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Paul V. Coates – Confidential File, Nov. 11, 1959

November 11, 2009 |  2:00 pm

 Nov. 11, 1959, Mirror

John Law Gets Sort of Rough Now and Then

Paul Coates    For a minute.  Talk to him for just a minute and you know that he's not the man who looks for trouble. 

    He's a quiet man.  Everything about him is quiet.  His voice.  His manner of dress.  The way he walks into your office.  He makes no noise.

    Age:  Mid-40's.  Distinguishing characteristics: None.

    He's just one of the 2 1/2 million people in this city.

    What sets him apart from the rest -- for today, at least -- is his story.

    "I manage a cafe," he starts.  "It's a nice place.  Family type.

    "When my partner and I took it over seven years ago, it had a bad name.  We worked hard to make it clean and respectable and that's what it is now.

    "What we did," he continues, "we had a few policemen come by occasionally for a meal or a coffee and we gave them special rates.  They came back.  And they brought other officers.

    "Now, a lot of our trade is police officers.  They're a nice bunch, and their presence has helped keep the drunks, the bad element, away.  Some of the other officers even come in on their days off.  Bring their families."

    But that is merely by way of introduction to his story.

    "It was Friday afternoon.  I was sitting at home.  My place is on 43rd St.

    "I was sitting in the living room when there was this -- like an explosion.  Four men came flying through the front door.  One with a shotgun, the others with pistols.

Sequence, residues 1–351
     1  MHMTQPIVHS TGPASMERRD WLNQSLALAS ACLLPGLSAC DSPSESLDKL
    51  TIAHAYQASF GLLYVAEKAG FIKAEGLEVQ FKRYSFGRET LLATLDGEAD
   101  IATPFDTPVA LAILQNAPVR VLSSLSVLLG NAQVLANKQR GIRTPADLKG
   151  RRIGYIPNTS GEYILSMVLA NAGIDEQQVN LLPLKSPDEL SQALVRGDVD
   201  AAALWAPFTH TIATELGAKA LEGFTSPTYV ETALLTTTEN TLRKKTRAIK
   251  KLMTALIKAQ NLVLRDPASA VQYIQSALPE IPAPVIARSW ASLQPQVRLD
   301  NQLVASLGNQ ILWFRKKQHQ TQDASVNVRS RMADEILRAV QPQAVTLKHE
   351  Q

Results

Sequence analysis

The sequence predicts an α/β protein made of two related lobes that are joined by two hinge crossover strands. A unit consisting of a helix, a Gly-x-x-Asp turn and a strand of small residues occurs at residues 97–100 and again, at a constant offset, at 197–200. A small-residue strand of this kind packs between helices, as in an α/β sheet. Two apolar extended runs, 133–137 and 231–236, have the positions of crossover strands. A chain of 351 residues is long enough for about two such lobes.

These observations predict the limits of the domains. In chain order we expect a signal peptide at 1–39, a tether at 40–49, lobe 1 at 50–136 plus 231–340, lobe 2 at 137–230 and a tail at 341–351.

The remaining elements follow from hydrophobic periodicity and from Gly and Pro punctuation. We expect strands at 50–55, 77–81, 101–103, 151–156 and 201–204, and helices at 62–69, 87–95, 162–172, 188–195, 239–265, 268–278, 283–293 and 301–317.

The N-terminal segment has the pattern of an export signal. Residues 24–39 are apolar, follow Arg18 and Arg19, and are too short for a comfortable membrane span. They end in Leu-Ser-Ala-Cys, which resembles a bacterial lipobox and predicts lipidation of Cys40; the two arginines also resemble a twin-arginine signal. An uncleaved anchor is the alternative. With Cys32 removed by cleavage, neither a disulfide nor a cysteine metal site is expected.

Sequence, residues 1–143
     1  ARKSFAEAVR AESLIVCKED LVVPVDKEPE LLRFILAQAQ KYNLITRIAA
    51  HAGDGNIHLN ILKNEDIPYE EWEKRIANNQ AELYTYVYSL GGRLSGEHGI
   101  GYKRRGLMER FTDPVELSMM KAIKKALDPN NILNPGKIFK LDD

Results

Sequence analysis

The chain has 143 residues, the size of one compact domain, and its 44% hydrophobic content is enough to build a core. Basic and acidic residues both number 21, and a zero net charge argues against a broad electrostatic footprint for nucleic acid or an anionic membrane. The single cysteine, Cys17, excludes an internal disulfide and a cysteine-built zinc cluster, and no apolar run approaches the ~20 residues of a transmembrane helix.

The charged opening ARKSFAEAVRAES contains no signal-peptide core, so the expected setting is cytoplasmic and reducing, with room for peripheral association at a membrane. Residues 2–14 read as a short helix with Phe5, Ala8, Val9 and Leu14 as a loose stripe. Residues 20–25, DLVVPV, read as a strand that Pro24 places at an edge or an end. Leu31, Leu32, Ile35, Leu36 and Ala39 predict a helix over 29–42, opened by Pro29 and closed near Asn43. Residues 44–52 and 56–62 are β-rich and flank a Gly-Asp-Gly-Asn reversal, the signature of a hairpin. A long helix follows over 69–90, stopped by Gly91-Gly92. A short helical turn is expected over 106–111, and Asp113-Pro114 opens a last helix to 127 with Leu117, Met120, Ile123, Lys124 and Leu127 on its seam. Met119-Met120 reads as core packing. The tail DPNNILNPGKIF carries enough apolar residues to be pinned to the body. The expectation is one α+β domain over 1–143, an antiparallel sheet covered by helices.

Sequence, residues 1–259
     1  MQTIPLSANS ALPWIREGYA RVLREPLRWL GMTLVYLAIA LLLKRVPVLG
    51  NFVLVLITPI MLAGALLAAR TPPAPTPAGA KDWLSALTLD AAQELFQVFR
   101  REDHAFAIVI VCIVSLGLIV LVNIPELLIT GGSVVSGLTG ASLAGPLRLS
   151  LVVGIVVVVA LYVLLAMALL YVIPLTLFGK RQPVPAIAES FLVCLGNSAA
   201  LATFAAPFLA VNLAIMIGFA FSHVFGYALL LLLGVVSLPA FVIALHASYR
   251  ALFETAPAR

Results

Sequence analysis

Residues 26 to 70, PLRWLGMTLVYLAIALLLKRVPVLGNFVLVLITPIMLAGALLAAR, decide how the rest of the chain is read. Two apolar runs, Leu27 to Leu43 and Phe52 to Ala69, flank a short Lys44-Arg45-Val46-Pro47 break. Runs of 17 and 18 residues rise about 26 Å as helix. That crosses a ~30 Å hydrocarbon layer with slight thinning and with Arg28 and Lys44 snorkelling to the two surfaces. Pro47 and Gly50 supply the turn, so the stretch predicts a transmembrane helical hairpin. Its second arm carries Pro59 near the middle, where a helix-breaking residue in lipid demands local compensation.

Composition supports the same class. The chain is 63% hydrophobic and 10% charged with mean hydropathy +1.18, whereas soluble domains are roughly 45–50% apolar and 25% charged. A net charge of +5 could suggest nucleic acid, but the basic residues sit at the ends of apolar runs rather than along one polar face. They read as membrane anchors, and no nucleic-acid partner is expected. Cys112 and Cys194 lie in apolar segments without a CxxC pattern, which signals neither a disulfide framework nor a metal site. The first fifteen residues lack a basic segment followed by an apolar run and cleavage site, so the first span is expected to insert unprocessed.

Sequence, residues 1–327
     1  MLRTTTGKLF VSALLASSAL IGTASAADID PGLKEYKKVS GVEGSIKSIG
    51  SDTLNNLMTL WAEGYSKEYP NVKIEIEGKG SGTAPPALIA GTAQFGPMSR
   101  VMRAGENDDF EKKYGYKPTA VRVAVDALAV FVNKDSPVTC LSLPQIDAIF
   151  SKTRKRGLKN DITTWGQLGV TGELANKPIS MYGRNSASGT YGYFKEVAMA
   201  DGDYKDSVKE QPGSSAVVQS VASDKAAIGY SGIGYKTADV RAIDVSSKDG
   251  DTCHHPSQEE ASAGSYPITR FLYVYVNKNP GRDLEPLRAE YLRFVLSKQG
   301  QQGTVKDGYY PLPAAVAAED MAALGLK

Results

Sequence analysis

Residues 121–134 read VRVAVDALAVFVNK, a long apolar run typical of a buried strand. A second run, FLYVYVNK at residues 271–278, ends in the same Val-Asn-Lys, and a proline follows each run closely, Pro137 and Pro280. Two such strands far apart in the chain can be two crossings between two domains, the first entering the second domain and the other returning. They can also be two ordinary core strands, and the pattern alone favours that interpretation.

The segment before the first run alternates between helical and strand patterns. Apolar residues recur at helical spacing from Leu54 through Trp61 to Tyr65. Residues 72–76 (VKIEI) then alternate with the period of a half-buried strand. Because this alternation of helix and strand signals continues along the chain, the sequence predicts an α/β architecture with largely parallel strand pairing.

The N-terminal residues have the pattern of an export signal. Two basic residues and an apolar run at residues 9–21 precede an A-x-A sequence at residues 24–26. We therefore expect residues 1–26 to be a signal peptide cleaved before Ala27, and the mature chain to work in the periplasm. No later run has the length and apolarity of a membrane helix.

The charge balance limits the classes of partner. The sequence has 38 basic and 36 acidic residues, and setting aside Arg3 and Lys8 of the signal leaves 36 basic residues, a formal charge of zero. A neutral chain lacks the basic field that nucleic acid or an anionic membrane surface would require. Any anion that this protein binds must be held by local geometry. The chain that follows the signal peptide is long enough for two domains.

"It flashed through my mind that they were hold-up men, but they weren't.  They were plainclothesmen.

    "They handed me a search warrant with three names on it.  None of them were mine.  The second name I recognized, though.  Mail for him had occasionally been delivered to my house by mistake.

    "I told the officers my name and asked them what they wanted.  'You know what we want,' one of them said.

    " 'The man you're looking for,' I said, 'I think he lives on 43rd Pl.  The same number.  This is 43rd St.  I've had mail come here for him before.  The same address- but 43rd Pl. not St.' "

    The quiet man adjusted his glasses, sighed, and continued:

Nov. 11, 1959, Lillian Lenorak
"Right away, one of the officers asked me, 'This mail?  Where was it coming from?'

    " 'I don't know,' I said.  'It wasn't my mail.  I didn't pay attention.'

    " 'You know,' the officer laughed.

    " 'Then they started searching.  The four of them.  They spread everything all over the place.  One of them started to pry off the back of my TV set, and I said, 'Wait a minute.  I'll get you a Phillips screwdriver.'  I got it for him and he unscrewed the back instead of tearing it off.
"What I didn't know at the time was that they went out and broke down my garage door.  Splintered it.  They could have asked me to open the lock. 

    "For three hours, while I stood there watching, they turned the place upside down.  Then they left.

    "As they went, I asked them, 'Who's going to pay for the damage?'

    " 'Not us.'  they told me.  'It's in the course of duty.'

    "The next day, I mentioned to some of the officers in the cafe what had happened.  They said it was too bad it had to happen to a nice guy like me. 

    "Then, ten days later I called the lieutenant who led the raiding party on my place.  I asked him again if the police would repair the two doors they broke in.  'We're not liable,' he told me.

Apologies, but No Pay

    "A few days later, two officers came by to apologize.  They were different officers.  They said a police friend of mine from the cafe had called their station and suggested that someone drop by.

    "They said it had been a mistake.  They said the warrant should have read 43rd Pl., not St.  Again, I asked about the damage and got the same answer. 

    "It seems to me,"  the quiet man said, "that they should pick up the bill for the damage they did."

    It seems that way to me, too.